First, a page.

What would you use a spirit level for?

A spirit level uses a bubble in a fluid-filled tube to indicate when a surface is level. The bubble should be centered in the tube.


A mortise-and-tenon is a kind of _____.

This is a simple way of joining wood. A slightly oversimplified explanation is that this joint fits a square peg (sometimes called a "tongue") into a square hole.


True or false: Mortar is commonly used in carpentry.

Mortar is used in bricklaying, which is a field "adjacent" to carpentry, but not carpentry itself. Fun fact: British Prime Minister Winston Churchill enjoyed bricklaying, which he considered a relaxing pastime.


An opening or window over a door is called a _____.

A transom is often a decorative glass window over a door. In years past, more of them opened, which is why old-fashioned detective stories have a PI listening through, or peeking over, a transom.


How many hinges does an exterior door usually have?

This differentiates them from interior doors. Interior doors are lighter in weight, and usually only need two hinges.


Which of these is a subcategory of carpentry?

Joining is a kind of carpentry that involves connecting smaller pieces. It tends to be more decorative than overall carpentry.


A carpenter who has completed an apprenticeship is called a/an ______.

After "journeyman" comes "master." Geeks of a certain age might known these terms best from Anne McCaffrey's "Dragonriders of Pern" novels, where they were used in the Harpers' Guild.


A home under construction in which many sections arrive on site pre-assembled is called a _____ .

Don't confuse a modular home with a mobile home, though they can look alike. A modular home is built to different standards, and some of them can be quite stylish, in a minimalist way.


What is flashing?

Flashing might run around chimneys, or between rain gutters and the rest of the roof. It's a fairly sexy name for such a basic, workhorse element of construction.


True or false: The making of wood furniture is not considered carpentry.

Carpentry is most associated with the making of buildings. But traditionally, carpenters also built carts, carriages and ships -- according to the gospels, Jesus was not just a carpenter, but specifically a builder of ships. Nowadays, with more construction involving metals and synthetic substances, carpenters are turning to specialty areas like fine furniture.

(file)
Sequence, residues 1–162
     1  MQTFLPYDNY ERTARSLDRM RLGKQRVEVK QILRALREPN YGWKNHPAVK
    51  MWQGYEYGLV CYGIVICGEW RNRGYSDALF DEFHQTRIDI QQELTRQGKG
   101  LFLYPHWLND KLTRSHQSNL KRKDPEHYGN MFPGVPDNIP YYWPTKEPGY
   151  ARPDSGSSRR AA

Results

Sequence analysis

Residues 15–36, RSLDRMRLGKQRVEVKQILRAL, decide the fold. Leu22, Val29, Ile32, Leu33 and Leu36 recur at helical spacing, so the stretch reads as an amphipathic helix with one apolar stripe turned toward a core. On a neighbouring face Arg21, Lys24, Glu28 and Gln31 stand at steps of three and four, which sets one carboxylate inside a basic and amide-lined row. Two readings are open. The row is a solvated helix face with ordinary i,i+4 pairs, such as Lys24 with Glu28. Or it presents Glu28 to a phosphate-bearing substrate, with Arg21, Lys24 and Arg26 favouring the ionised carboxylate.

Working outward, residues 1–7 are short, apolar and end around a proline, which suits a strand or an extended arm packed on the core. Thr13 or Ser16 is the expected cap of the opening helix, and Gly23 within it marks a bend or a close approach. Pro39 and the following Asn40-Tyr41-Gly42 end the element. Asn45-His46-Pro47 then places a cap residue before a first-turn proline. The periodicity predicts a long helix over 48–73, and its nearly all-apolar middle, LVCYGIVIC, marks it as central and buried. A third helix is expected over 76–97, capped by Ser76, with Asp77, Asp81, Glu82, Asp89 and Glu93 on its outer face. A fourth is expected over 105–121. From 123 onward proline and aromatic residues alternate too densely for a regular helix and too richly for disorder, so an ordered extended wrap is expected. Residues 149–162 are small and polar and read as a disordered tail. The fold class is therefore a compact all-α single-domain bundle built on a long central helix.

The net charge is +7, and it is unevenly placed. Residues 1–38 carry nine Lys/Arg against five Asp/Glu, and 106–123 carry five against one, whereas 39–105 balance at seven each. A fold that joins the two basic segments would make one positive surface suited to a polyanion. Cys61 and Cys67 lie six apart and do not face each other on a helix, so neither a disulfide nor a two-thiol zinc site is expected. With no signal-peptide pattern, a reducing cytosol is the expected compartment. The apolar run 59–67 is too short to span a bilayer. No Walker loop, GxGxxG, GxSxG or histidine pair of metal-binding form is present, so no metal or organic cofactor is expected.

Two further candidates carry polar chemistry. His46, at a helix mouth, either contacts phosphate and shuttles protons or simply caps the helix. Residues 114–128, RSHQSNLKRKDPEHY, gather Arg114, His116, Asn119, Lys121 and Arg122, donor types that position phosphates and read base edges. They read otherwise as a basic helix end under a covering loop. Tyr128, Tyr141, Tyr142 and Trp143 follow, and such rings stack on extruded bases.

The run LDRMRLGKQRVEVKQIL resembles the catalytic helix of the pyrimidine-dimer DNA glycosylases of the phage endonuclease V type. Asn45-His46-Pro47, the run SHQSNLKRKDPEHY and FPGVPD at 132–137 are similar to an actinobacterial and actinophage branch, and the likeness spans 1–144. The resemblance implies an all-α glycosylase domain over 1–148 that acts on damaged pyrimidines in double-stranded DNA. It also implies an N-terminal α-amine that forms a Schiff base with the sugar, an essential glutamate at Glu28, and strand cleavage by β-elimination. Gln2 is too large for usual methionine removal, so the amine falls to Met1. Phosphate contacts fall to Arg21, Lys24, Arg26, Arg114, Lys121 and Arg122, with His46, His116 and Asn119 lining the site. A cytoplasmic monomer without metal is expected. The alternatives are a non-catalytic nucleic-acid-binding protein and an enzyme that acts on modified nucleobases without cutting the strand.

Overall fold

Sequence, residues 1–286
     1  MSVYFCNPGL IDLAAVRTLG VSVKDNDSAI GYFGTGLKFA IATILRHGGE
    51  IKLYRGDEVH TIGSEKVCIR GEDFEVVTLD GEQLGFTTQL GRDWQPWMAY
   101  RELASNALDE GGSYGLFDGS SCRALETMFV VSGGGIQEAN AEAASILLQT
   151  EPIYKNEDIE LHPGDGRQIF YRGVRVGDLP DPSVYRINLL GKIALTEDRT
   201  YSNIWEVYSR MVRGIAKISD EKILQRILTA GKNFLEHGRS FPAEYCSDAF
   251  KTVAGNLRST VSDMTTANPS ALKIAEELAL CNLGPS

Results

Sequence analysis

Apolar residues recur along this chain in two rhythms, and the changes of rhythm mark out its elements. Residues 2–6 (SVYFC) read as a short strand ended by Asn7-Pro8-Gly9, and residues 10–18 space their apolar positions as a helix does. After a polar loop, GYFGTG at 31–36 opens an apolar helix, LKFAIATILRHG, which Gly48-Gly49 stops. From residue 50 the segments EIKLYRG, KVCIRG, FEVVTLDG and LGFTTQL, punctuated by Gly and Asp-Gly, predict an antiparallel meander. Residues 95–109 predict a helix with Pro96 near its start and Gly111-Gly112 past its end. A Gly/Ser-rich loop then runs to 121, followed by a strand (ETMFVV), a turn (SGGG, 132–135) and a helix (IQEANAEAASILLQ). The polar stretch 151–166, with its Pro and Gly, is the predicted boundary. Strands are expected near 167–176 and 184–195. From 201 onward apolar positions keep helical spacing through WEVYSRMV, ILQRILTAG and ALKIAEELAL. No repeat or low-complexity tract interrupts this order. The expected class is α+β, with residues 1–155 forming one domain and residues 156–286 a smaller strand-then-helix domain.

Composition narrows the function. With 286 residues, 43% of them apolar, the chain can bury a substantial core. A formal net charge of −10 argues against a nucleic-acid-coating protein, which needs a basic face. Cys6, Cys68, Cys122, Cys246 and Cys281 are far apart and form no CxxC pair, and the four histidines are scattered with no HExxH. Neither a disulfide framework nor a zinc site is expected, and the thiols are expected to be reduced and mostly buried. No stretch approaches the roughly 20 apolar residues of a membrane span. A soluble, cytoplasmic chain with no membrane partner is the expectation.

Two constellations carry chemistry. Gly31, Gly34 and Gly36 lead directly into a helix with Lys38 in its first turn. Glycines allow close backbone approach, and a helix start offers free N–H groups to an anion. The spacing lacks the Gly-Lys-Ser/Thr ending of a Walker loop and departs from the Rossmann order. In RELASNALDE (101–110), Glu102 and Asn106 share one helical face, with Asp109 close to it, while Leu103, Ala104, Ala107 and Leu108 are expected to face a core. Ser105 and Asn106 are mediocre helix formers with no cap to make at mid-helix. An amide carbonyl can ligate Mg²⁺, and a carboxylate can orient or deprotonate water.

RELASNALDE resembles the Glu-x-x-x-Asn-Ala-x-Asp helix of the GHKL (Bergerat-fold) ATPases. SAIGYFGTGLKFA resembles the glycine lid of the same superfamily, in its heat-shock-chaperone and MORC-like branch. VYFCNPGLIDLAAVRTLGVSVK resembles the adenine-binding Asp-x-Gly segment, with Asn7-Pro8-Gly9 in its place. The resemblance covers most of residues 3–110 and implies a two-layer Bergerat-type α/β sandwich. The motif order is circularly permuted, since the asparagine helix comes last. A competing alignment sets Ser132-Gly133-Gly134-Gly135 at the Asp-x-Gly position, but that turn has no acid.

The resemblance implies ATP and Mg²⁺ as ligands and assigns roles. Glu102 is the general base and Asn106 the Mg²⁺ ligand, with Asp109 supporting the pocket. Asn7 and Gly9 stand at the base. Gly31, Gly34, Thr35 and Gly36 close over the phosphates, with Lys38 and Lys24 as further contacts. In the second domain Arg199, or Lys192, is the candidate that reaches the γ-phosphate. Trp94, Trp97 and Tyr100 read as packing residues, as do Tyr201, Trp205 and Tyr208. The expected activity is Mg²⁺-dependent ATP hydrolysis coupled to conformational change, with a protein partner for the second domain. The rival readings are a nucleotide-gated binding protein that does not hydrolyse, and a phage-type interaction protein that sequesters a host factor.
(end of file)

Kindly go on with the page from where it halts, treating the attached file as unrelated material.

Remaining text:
The point where two slopes of a roof meet is called the ______.

Kind of a poetic term, isn't it? Likewise, the highest point of a sloping roof is called a "ridge."


A cripple stud is also known as a ____ stud.

You'd most commonly find these under doors and windows. (We're also #sorrynotsorry about "differently-abled"-- a little political-correctness humor never killed anyone).


What kind of construction is mostly seen in rural and vacation homes?

A-frame houses have simple, long-timbered roofs. They resemble Swiss chalets and are popular for part-time or vacation homes.


True or false: Shingles are only used on roofs.

Shingles are sometimes used in siding, often unpainted, and only lightly stained. This kind of siding was popular in the 1970s.


The opposite of a modular home is a ______ one.

"Stick-built" just means it was built with traditional methods, with every part framed on the site. Though we have to admit, "stick-built" sounds very primitive, like a forerunner to even a log cabin.


Which of these would a carpenter be unlikely to use?

A multi-meter is very useful in general -- it tests batteries to see how much energy is left in them. But it doesn't have anything directly to do with woodwork.


What is "baseboard" called in the UK?

"Skirting board" is so named because it skirts the edge of the room. Fun fact: It's one of the small things that was changed between editions of "Harry Potter" books in the UK and in the US.


Where on a construction site would you find "stringers"?

Stringers are strong wooden supports for the individual steps of staircases. Not to be confused with the use of "stringer" as a freelance reporter for a news-wire service.


The low horizontal element of a wall to which vertical parts attach is called the ____ plate.

Some builders drop the "plate" and just refer to the "sill." Others might call it the "ground plate" (which sounds like it has to do with electrical wiring).


What issue are balloon-frame houses susceptible to?

In balloon-frame construction, the studs are full height, running from roof to ceiling. This leaves empty space for flames to run straight up the insides of the walls.


What is a pale?

You don't hear this term much anymore. But it survives in the phrase "beyond the pale." Today, this means that someone's behavior has crossed a line of acceptability. But back in the day, it meant they'd gone past a territorial fence of sharpened spikes.